Pierce The Veil is known for an exhilarating live show, showcasing the band jumping off the walls with as much intensity as the audience. Is there anything difficult about playing with that much energy?

There’s nothing really hard about it. We try to take it pretty seriously and put on the most exciting show we can. We really want kids after the show to just be like, “Wow!” We’ll do anything we can on stage to in crowds.

I think that really comes from us being the underdog for so long. We used to be opening band, go on tours with bigger bands, and you kind of get shoved off or tossed around, so being in that position where we know the hard work has paid off for us, we have to continue playing that way. We can’t just half-ass anything anymore.

That’s how bands were that I saw when I was younger. I was the kid in the crowd going, “This band is doing it! They’re killing themselves on stage for the entertainment of these kids,” and I was that kid. You can’t fake that kind of stuff. People will come up to me and ask me, “Is that a real smile on stage? Or are you faking that?” and there’s no way I could fake that smile.

What are you most excited for looking ahead to the upcoming World Tour dates?

For us, we were in the studio for such a long time, writing nearly all of 2014 and recording the last couple months, so we’re excited to be out on tour. It was kind of a tease to do the first leg, because it was over and done so fast, and we went home for the holidays for like three or four weeks.

I think we’re always in this cycle of wanting to be on tour, and then touring for almost two years straight and thinking maybe we need a break. Then you want to start writing songs, and it’s just this crazy cycle that we’re in, but we wouldn’t have it any other way. This is what we love to do, and we’re excited people are along for the ride.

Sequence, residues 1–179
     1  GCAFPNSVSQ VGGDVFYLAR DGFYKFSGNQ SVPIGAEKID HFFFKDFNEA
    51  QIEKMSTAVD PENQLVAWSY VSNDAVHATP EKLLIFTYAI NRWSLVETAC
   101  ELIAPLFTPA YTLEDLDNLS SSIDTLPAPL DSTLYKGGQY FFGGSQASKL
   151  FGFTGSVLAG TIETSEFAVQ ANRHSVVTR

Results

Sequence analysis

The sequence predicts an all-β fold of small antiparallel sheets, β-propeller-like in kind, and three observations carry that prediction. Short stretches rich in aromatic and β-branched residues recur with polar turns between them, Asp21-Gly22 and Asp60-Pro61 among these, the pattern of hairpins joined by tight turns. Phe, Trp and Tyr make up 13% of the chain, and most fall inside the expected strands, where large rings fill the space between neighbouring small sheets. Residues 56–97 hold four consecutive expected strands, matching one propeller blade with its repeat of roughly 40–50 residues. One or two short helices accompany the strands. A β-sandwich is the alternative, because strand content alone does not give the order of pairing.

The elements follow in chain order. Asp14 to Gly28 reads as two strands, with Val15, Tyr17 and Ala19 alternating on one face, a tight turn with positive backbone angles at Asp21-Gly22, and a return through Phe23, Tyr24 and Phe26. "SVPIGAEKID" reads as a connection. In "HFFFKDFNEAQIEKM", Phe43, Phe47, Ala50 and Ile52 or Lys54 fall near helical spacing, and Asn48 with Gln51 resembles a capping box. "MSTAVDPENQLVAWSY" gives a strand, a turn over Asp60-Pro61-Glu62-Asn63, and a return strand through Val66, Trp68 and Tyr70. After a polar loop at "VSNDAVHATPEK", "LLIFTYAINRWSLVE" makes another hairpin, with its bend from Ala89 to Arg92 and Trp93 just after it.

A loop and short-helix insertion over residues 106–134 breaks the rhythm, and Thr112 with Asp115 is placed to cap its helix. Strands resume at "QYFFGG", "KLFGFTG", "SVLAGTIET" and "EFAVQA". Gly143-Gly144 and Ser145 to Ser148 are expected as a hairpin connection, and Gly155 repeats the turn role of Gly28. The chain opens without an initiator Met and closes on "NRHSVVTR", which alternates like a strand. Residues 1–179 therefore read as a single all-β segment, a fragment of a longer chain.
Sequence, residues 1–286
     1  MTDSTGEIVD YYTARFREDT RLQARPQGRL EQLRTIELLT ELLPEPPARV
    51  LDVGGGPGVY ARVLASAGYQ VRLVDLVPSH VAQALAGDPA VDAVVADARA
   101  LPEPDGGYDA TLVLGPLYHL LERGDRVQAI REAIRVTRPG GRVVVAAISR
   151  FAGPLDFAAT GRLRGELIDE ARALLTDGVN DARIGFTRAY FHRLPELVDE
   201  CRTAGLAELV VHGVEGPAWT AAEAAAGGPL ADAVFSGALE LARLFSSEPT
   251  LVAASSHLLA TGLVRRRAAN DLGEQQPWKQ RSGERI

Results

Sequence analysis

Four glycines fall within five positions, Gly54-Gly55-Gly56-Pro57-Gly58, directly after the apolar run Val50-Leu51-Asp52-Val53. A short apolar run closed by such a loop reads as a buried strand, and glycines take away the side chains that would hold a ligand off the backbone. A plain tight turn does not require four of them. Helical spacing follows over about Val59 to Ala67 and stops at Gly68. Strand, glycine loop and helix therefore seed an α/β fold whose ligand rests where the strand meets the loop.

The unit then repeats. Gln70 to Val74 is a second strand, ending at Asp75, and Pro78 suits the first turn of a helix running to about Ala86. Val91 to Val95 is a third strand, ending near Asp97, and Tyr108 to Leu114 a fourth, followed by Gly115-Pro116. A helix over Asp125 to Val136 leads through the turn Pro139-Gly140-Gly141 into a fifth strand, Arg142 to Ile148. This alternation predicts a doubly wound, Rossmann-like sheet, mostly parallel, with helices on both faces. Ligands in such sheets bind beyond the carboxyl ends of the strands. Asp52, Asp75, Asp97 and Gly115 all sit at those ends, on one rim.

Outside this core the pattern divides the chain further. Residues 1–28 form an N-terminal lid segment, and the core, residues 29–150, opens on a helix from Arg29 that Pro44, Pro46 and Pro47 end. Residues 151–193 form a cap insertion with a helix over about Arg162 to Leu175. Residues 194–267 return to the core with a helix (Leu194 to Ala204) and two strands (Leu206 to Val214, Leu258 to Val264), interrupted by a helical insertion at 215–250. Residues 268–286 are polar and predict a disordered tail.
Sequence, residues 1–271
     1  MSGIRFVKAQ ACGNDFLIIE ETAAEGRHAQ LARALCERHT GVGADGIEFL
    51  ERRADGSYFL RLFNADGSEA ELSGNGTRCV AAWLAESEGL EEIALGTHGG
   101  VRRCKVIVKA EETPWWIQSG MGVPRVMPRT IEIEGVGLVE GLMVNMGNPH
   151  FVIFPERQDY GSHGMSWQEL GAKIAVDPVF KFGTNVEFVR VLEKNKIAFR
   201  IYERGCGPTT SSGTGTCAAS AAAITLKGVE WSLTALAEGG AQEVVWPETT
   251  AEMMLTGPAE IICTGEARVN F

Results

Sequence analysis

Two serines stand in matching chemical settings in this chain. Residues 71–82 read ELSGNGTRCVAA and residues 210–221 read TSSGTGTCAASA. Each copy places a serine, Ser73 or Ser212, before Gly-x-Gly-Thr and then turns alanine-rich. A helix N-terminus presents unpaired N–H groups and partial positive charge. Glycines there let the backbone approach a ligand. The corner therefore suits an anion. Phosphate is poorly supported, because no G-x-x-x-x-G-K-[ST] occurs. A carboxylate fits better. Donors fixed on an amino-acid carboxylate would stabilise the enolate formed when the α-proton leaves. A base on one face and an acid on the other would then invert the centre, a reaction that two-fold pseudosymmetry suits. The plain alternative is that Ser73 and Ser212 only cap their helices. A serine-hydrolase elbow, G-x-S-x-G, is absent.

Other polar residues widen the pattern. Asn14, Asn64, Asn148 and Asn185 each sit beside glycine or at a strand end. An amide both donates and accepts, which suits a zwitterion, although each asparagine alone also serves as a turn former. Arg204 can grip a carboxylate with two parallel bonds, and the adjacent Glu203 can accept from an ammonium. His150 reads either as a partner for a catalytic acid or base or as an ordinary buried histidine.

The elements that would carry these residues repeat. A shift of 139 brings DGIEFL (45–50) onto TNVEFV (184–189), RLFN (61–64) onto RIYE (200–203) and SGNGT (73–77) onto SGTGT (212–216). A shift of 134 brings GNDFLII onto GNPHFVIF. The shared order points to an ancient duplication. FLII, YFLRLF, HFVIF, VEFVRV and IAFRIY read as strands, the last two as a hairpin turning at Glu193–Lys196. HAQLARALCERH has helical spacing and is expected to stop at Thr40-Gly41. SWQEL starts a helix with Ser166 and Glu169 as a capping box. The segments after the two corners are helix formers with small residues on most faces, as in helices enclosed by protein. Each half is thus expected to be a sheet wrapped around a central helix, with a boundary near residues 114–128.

Pierce The Veil are planning to release a new album this year, their first new music in three years. What sort of growth does the record represent for the band?

I think it’s a natural one. We respect bands more that grow up with each and every record. We’re not trying to put out another Collide, but we’re not trying to completely rewrite the book on our band.

We’re taking it slow, and in my opinion the best bands did that, and did it right. They grew with every record, and every one was different, because they changed and became who they are now.

While you’re on the road, are there any plans to release new music?

There are always talks about it, and we have to figure out the main plan for how we’re going to do it all, but yeah, new music is coming soon.


Pierce The Veil will perform at the Electric Factory in Philadelphia on Feb. 14 and 15, and the Hammerstein Ballroom in NYC on Feb. 17. The band’s unannounced album will release later in 2015. For more information, go to